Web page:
Microsoft Ups the Ante in the Tablet War

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In a stock market that is dominated by technology companies, Microsoft (NASDAQ: MSFT), once the largest company in the world, now ranks as the fifth largest behind nemesis Apple (NASDAQ: AAPL), which took the coveted top spot in August of 2012. As of the beginning of October, Google (NASDAQ: GOOG) has also surpassed Microsoft, slipping firmly into fourth place. It appears as though PC leviathan Microsoft is fast becoming a victim of the mobile device era. Even though the company posted fourth quarter record revenues of $17.41 billion at the end of last year, profits were down 2.4% from the same quarter the previous year.

Sluggish PC sales aside, a large portion of the loss can be attributed to direct competition with Apple and its revolutionary iPad gadgets. People are enamored with anything handheld these days, and Microsoft is in the unenviable position of playing catch up in this arena. Purchases of tablets have made deep cuts in PC profits across the board. Even Google has made significant inroads with its extremely popular Android-based Nexus 7 tablet.

But Microsoft is hitting back with the introduction later this month of its highly anticipated Surface tablet, which will run on the new Windows 8 operating system. The corporation is hoping that its hybridized cross between a tablet and a PC will be the ultimate ‘iPad killer.’ Some analysts speculate that the Surface is more about placing Windows 8 squarely in the mobile world than killing off the iPad. ; but whatever the angle, this marks the first time that Microsoft is manufacturing its own Windows-based device, rather than designing innovative software for other companies’ hardware. This puts the company in direct competition with partners such as Dell (NASDAQ: DELL) and Samsung, which both have hardware that runs on the Windows operating system.

Microsoft is by no means an ailing company. PC sales may be down, but sales are up in other areas, such as the Windows operating system and the Xbox video game console. Microsoft has brainstormed and produced some of the best software in history and the corporation was built on the backs of the PC and its revolutionary software. The company is still the leader in desktop operating systems and no other corporation can come close to what Microsoft has accomplished in this market.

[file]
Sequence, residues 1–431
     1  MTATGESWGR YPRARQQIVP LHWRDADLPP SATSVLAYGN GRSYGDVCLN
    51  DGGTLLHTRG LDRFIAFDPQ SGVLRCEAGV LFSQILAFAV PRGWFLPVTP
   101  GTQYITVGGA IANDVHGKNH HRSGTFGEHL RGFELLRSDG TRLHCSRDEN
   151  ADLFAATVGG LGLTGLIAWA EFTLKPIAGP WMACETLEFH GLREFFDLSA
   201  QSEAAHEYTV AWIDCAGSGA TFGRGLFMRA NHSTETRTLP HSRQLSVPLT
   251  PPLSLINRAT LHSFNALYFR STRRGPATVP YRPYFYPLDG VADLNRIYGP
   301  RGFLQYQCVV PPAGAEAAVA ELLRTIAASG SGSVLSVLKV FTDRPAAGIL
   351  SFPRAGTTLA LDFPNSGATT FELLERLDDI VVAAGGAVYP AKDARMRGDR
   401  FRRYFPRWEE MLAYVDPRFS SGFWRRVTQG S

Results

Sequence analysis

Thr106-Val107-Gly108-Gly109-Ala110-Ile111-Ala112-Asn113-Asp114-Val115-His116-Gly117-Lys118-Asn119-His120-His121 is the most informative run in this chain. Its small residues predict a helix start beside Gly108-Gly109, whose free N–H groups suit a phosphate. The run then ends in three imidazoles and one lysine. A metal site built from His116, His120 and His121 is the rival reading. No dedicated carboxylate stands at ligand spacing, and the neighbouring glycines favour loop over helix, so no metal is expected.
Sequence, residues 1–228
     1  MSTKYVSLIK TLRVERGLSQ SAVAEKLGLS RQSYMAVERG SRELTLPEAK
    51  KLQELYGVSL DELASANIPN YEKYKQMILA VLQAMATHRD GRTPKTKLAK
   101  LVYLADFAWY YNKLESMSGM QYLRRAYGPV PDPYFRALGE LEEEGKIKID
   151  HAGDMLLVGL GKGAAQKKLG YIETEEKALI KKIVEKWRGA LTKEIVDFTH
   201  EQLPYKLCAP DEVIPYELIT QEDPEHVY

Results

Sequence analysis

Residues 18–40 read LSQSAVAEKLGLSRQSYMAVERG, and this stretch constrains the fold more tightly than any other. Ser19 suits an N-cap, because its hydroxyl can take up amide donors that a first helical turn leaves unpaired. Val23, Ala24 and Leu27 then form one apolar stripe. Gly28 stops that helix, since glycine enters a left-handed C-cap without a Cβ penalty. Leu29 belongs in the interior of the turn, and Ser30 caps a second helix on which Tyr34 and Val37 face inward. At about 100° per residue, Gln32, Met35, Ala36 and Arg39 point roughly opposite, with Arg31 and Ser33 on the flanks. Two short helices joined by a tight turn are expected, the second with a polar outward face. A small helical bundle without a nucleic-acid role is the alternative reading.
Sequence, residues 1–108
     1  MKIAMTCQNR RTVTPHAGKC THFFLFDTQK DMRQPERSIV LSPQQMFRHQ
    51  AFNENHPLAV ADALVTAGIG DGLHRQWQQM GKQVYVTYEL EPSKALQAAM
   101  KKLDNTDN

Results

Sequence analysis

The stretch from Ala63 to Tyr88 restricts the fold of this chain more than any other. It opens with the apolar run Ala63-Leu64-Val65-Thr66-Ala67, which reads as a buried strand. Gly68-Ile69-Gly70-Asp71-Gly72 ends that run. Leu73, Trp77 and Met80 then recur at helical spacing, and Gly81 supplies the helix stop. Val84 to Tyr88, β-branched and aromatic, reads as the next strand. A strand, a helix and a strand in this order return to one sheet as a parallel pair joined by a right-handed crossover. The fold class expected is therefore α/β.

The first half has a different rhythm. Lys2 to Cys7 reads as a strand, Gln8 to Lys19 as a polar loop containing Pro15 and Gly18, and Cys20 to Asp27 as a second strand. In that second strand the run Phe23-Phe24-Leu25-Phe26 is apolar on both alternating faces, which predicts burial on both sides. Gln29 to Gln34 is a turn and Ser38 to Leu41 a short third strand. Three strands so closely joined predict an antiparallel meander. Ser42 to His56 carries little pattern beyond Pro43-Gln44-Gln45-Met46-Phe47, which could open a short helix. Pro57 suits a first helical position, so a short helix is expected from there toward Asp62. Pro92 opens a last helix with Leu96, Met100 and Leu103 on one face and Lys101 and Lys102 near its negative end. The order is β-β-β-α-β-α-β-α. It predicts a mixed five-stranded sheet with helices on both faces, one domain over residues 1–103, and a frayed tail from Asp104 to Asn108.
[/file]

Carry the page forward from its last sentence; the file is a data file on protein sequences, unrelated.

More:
With the holiday season fast approaching sales will undoubtedly climb, especially with the new products being released at the end of the month. Even so, Microsoft is hedging its bets by opening pop-up stores across the country. The store openings will coincide with the launch of the Surface tablet and Windows 8 operating system and will remain open throughout the holidays. The company plans to open 32 outlets in the United States. Analysts expect an interesting holiday sales season with a virtual showdown between Apple, with its new iPad Mini, Microsoft with its new Surface, Amazon (NASDAQ: AMZN) with its Kindle Fire HD, and Google with its new 32GB Nexus 7. Only time will tell which company will garner the largest portion of the tablet market; just don’t count Microsoft out.

The bottom line is that Microsoft is still a great investment for many reasons. Stepping into the tablet market is a very sound move on the part of Bill Gates’ company. Microsoft has always been able to reinvent itself in order to keep up with or stay ahead of the competition. The price of the stock is attractive to investors, selling for $29.28 at the close of market on Oct. 9. Analysts are bullish on the company, and with good reason; there is every indication that the release of the Surface will boost sales dramatically and compensate for the 2.4% loss in PC sales last year. Microsoft is betting that it can make a huge impact with its tablet, and that consumers will fall in love with the Surface and the new Windows 8 operating system.

Compare and Contrast

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muhammadbazil owns shares of Google. The Motley Fool owns shares of Apple, Amazon.com, Google, and Microsoft. Motley Fool newsletter services recommend Amazon.com, Apple, and Google. Try any of our Foolish newsletter services free for 30 days. We Fools may not all hold the same opinions, but we all believe that considering a diverse range of insights makes us better investors. The Motley Fool has a disclosure policy.If you have questions about this post or the Fool’s blog network, click here for information.

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